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Biweekly Binge: In the name of the father- Cinema express

Biweekly Binge: In the name of the father  

A fortnightly column on what’s good in the vast ocean of content around you

Published: 13th January 2023

In Charlotte Wells’s Aftersun—streaming on MUBI—Paul Mescal and Frankie Corio play Calum and Sophie, a father-daughter duo vacationing in Turkey sometime in the 90s. He is barely into his 30s. She’s all of eleven. It’s a curious dynamic to the extent that fellow vacationers casually assume they are siblings. Mescal possesses a heavy guttural voice of a coach that does not betray his age, so when he says, “I am her father though” in a thick accent, the teenage traveller is quick to apologize and barely hides his shock. The film wheezes through the memories the duo shared and is an ode to the idea of temporal granularities shifting with time, sometimes twisting enough to completely change perspective years later.

Aftersun plays with the very relatable idea of childhood memories playing déjà vu which makes symmetry a valuable tool for Wells. Scenes transition impulsively from the daughter’s silhouette on the bed at night as the father smokes in the balcony to the father’s bare upper body as daylight knives through the room. The film begins with Sophie wielding a MiniDV and interviewing her father about his 11th birthday just days before he turns 31. We see the footage but not through it, for only later do we learn that it is a painful corner of Calum’s own childhood, a memory he wishes he could forget—we see a reflection of this image on a television monitor next to a stack of self-help books that Calum reads for a semblance of calm in his life. The focus puller does some heavy lifting throughout, blurring what is Sophie’s distorted absolute or sharpening the edges of parts of the vacation that she understands better as an adult and as a parent herself. What this essentially achieves is the blurring of the lines between truth and recollection, reality and imagination. Wells films something and we know it to be a point of view of the adult Sophie—who strobes in intermittently—and then we have the film within the film telling something about the individual points of view of the father and daughter at that point in time.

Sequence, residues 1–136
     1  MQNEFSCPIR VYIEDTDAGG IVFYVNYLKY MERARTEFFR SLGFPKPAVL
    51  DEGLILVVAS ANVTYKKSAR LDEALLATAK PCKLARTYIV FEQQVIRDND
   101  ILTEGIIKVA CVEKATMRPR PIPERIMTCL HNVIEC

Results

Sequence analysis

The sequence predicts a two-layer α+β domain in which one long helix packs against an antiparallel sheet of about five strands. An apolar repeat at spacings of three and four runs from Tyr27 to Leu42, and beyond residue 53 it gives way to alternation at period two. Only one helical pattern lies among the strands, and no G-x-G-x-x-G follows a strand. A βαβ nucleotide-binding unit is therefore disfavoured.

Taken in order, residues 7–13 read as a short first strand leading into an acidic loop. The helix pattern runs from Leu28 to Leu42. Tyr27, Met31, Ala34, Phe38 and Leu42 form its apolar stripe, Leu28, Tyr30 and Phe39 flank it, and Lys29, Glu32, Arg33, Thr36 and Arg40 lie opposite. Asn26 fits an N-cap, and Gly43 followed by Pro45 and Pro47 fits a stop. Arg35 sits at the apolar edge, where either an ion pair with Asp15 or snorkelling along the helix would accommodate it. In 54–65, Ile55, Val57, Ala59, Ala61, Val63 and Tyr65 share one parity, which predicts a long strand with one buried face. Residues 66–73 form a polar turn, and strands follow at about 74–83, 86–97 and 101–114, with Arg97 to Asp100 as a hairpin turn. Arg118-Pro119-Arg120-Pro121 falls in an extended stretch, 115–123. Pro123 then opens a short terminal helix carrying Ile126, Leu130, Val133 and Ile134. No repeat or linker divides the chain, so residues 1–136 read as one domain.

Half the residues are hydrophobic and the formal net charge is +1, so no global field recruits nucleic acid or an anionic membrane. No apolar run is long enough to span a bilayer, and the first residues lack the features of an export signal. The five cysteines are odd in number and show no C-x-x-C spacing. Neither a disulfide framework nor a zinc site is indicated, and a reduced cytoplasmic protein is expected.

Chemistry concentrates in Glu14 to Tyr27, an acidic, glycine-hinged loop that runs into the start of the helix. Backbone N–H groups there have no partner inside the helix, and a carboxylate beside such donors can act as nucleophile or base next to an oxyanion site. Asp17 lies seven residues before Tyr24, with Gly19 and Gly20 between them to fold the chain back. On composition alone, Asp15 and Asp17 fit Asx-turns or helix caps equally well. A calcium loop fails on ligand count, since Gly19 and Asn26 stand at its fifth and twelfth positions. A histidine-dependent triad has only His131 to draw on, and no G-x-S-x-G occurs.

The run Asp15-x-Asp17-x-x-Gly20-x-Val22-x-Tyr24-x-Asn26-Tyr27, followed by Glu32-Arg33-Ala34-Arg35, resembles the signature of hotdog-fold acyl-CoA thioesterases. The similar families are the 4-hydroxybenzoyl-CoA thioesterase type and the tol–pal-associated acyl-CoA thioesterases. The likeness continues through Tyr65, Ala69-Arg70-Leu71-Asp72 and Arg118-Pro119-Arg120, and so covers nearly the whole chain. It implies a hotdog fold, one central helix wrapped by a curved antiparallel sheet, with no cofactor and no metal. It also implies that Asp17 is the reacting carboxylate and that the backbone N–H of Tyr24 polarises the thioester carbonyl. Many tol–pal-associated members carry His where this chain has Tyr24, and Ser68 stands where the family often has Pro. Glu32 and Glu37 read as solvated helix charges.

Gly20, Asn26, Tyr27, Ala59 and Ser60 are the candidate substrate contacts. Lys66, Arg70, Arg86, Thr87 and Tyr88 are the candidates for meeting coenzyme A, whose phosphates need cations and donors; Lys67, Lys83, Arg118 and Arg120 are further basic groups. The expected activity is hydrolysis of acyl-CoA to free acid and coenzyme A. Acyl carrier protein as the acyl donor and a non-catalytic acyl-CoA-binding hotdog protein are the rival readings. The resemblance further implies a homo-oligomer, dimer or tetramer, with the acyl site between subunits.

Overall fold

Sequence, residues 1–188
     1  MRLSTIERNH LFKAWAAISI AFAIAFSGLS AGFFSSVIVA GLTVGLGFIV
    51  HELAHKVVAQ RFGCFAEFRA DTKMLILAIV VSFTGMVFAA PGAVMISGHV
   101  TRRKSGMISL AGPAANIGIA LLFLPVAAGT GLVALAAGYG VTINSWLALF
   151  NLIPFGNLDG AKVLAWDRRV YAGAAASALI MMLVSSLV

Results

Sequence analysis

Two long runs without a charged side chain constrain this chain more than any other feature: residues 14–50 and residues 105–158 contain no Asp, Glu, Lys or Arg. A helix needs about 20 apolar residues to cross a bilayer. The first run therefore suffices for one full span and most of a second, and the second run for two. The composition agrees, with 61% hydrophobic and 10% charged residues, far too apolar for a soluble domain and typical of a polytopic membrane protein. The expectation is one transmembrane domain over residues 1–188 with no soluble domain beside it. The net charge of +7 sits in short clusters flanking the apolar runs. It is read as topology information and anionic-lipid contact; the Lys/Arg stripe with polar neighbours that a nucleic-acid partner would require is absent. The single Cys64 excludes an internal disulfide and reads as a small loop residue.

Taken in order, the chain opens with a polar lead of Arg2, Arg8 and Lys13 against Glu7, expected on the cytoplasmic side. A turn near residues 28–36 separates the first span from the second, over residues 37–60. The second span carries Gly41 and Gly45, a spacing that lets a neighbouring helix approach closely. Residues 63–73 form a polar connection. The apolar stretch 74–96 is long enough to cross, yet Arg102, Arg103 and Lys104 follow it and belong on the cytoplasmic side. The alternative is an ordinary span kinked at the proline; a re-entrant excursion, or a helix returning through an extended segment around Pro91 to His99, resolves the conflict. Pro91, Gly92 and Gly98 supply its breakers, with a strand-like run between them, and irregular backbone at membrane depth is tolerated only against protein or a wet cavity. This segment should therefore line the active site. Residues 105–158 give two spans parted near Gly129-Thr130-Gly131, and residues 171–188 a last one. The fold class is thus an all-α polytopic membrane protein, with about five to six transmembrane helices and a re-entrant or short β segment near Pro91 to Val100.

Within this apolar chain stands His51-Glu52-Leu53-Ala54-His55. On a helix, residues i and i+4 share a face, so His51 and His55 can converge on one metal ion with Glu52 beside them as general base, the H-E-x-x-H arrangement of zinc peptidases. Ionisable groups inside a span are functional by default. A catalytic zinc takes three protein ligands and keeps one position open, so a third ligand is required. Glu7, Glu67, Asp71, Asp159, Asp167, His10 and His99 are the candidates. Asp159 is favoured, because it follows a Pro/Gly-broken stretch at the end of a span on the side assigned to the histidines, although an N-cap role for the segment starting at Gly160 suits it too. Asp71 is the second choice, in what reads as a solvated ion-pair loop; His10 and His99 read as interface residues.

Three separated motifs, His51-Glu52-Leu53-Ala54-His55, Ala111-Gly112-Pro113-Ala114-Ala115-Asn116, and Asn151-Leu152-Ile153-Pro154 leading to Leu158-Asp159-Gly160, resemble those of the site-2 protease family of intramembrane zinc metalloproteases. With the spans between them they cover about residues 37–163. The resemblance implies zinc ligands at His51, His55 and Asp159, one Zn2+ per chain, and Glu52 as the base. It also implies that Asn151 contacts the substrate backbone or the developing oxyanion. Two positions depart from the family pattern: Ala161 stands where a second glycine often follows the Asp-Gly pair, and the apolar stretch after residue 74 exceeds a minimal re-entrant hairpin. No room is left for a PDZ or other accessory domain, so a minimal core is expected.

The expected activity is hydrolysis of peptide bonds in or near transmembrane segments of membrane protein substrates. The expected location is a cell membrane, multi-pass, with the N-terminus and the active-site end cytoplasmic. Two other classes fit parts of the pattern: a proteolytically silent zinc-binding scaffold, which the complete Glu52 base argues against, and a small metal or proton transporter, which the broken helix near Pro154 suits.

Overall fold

The narrative structure of Aftersun is a like a film projector jamming every fifteen minutes, pausing the joys of a vacation for a private moment of the daughter or vulnerable moment of the father and then returning to their varyingly remembered break from their tenuous lives. And every time this jams or every time a scene is played back in the DV as we assume the adult Sophie is doing either through the camcorder or in her head, the memory, like film, corrupts further, attaining a fresh grain registering not just the passing of time but also the growth of an individual. True to its nature, Wells shot it on 35mm with cinematography by Gregory Oke. 

For Calum, Sophie is both a signal of hope for the future as well as a remembrance of a troubled past, his own trauma compelling him to overcompensate without the cushion of a young and free spirit. He struggles financially and is amicably separated from Sophie’s mother but the weight of parenthood doesn’t rest easy on his head. This is exacerbated by Sophie’s ability to understand him and her presence in his life better than he does. She is at a tender transitional age of 11, neither an innocent child unaware of her surroundings nor with the latent but ephemeral temerity of a rebellious teenager. She looks at other children and calls them kids, we learn that she possesses a propensity to be more discerning of her place in the family, in the world. She can talk deep like a college graduate encountering real life alone; she tells her father how they are all under the same sky and that makes her feel like they are all close no matter the distance. 

Wells delves deep into the individualities and the rapport between the father and the daughter, the close ups effectively baring all their innermost conversations with their subconscious and how they register each other during physical togetherness but within the confines of solitude. Their bodies blocked at acute angles under a blue sky full of ubiquitous paragliders (Calum tells Sophie that she’s too young for it) captures this gulf between them perfectly. It helps that both the actors can hold closeups, their cards always showing without a hint of a slight legerdemain. Even Mescal’s bare back, stooped over his bed and the hollow cries can be searing. The film also uses its location cleverly, when we learn about Calum’s suicidal tendencies or his doubts about survival, his body threatens to fall off the side as Wells fills up ninety percent of the frame with the open sea. 

The film begins with a warning about strobe lights and the adult Sophie in a rave with flashing luminescence piercing her body every second becomes a fitting metaphor to how she remembers the vacation with her father twenty years apart. It’s a playback of documentation in her mind, a palimpsest that has yellowed over the years with the past scribbles on it visible but illegible. Aftersun balances a time capsule of joy amidst decades of melancholy, a photographic memory preserving an archive of negatives in a dark room. Newly developed images litter the room and transcend time and space but they tell only part of the story, equal parts surviving and disappearing into a black hole.

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